Huge Cloudflare flaw leaked sensitive data from customers’ websites since september 2016

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Cloudflare bug
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Cloudflare revealed a serious bug in its software today that caused sensitive data like passwords, cookies, authentication tokens to spill in plaintext from its customers’ websites. The announcement is a major blow for the content delivery network, which offers enhanced security and performance for more than 5 million websites.

This could have allowed anyone who noticed the error to collect a variety of very personal information that is typically encrypted or obscured.

Remediation was complicated by an additional wrinkle. Some of that data was automatically cached by search engines, making it particularly difficult to clean up the aftermath as Cloudflare had to approach Google, Bing, Yahoo and other search engines and ask them to manually scrub the data.

The leak may have been active as early as Sept. 22, 2016, almost five months before a security researcher at Google’s Project Zero discovered it and reported it to Cloudflare.

However, the most severe leakage occurred between Feb. 13 and Feb. 18, when around 1 in every 3,300,000 HTTP requests to Cloudflare sites would have caused data to be exposed. Attackers could have accessed the data in real-time, or later through search engine caches.

Cloudflare notes in its announcement of the issue that even at its peak, data only leaked in about 0.00003% of requests. It doesn’t sound like much, but Cloudflare’s massive customer base includes categories like dating websites and password managers, which host particularly sensitive data.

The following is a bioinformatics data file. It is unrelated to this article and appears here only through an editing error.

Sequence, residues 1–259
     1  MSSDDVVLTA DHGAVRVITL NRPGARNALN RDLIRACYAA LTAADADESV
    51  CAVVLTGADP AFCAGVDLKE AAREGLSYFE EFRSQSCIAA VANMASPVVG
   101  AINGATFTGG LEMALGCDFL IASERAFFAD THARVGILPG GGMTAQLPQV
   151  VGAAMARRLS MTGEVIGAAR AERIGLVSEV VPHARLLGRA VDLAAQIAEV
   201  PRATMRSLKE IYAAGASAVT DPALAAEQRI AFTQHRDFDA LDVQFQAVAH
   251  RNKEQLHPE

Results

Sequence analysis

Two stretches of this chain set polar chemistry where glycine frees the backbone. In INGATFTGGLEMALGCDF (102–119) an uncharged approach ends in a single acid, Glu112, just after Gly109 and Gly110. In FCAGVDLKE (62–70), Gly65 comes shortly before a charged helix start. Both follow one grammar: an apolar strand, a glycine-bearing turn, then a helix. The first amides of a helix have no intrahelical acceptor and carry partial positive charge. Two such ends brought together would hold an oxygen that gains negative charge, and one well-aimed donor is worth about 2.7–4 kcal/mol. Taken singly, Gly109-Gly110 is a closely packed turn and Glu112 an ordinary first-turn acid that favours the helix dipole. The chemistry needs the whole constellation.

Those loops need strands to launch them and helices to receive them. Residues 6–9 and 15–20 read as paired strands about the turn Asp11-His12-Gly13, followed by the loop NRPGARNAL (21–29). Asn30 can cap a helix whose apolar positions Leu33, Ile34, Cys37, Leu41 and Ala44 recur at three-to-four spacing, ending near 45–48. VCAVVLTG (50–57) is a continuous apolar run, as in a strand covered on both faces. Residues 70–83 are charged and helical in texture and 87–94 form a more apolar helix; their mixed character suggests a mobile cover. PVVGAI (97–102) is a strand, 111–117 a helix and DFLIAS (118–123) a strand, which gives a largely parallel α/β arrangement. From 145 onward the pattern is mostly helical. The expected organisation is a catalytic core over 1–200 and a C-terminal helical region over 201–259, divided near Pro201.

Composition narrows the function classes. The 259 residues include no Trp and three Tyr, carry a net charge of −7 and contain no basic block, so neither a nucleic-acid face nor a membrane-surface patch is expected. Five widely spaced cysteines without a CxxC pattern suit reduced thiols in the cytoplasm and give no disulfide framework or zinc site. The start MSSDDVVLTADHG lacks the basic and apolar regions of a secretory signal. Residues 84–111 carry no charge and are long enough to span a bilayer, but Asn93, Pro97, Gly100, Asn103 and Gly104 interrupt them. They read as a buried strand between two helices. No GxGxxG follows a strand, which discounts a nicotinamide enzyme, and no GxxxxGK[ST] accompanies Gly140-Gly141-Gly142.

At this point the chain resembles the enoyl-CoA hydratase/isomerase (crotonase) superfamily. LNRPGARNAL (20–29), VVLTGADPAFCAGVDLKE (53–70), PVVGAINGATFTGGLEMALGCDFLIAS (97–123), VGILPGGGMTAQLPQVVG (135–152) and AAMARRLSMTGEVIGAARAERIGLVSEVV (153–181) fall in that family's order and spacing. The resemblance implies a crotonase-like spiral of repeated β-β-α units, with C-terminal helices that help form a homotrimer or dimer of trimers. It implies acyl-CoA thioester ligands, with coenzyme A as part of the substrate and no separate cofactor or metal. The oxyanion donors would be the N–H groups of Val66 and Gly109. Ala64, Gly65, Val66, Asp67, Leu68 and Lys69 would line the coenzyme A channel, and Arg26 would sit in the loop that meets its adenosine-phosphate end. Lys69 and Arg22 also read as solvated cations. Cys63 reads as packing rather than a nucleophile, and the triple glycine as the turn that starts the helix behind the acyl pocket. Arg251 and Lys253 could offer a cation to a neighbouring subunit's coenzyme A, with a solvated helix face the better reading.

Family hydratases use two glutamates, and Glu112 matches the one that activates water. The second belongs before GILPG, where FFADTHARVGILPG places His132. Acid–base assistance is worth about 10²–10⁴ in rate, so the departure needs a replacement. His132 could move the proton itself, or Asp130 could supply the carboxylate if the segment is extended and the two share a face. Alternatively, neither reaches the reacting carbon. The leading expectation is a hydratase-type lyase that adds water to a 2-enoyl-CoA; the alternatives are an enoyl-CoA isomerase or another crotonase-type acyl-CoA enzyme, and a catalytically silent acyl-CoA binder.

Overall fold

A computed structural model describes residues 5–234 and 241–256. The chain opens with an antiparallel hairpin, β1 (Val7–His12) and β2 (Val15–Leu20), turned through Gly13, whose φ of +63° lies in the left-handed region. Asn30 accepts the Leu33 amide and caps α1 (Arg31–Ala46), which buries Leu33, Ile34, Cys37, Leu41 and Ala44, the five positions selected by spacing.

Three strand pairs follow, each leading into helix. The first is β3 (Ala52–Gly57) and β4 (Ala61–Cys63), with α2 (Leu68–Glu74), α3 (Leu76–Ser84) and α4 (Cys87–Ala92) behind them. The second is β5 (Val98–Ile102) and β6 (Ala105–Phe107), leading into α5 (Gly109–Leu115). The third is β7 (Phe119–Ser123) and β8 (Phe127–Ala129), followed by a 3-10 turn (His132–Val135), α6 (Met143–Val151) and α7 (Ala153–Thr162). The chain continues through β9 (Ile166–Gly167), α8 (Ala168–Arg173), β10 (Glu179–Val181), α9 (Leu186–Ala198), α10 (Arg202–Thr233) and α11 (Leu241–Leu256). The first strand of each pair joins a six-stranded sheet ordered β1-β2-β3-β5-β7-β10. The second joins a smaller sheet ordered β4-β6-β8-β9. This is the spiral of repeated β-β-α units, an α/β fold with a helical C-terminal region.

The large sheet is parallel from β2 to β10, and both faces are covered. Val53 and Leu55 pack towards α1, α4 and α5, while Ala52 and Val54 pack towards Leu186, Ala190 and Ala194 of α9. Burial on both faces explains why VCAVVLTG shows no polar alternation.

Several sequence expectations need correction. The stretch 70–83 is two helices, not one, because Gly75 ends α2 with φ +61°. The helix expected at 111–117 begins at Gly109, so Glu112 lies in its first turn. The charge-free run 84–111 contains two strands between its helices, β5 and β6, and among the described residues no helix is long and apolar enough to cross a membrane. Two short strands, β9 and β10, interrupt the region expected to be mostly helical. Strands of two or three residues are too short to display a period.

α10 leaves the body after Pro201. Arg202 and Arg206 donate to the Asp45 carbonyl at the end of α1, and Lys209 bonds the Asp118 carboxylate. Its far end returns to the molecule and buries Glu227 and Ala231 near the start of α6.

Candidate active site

“At the peak, we were doing 120,000 leakages of a piece of information, for one request, per day,” Cloudflare chief technology officer  John Graham-Cumming told TechCrunch. He emphasized that not all of those leakages would have contained secret information. “It’s random stuff in there because it’s random memory,” he said.

Bug was found in an HTML parser that Cloudflare uses to increase performance

The bug occurred in an HTML parser that Cloudflare uses to increase website performance — it preps sites for distribution in Google’s publishing platform AMP and upgrades HTTP links to HTTPS. Three of Cloudflare’s features (email obfuscation, Server-side Excludes and Automatic HTTPS Rewrites) were not properly implemented with the parser, causing random chunks of data to become exposed.

Ultimately, even Cloudflare itself was affected by the bug. “One obvious piece of information that had leaked was a private key used to secure connections between Cloudflare machines,” Graham-Cumming wrote in Cloudflare’s announcement. The encryption key allowed the company’s own machines to communicate with each other securely, and was implemented in 2013 in response to concerns about government surveillance.

Graham-Cumming emphasized that Cloudflare discovered no evidence that hackers had discovered or exploited the bug, noting that Cloudflare would have seen unusual activity on their network if an attacker were trying to access data from particular websites.

“It was a bug in the thing that understands HTML,” Graham-Cumming explained. “We understand the modifications to web pages on the fly and they pass through us. In order to do that, we have the web pages in memory on the computer. It was possible to keep going past the end of the web page into memory you shouldn’t be looking at.”

Cloudflare’s teams in San Francisco and London handed off shifts to one another, working around the clock to fix the bug once it was reported. They had stopped the most severe issue within seven hours. It took six days for the company to completely repair the bug and to work with search engines to scrub the data.

Tavis Ormandy, an engineer at Google, first noticed the bug, which he jokingly called “Cloudbleed” in reference to the Heartbleed vulnerability. He said in a blog post that he encountered unexpected data during a project and wondered at first if there was a bug in his own code. Upon further testing, he realized the leak was coming from Cloudflare.

Source: TechCrunch

Photo by TechCrunch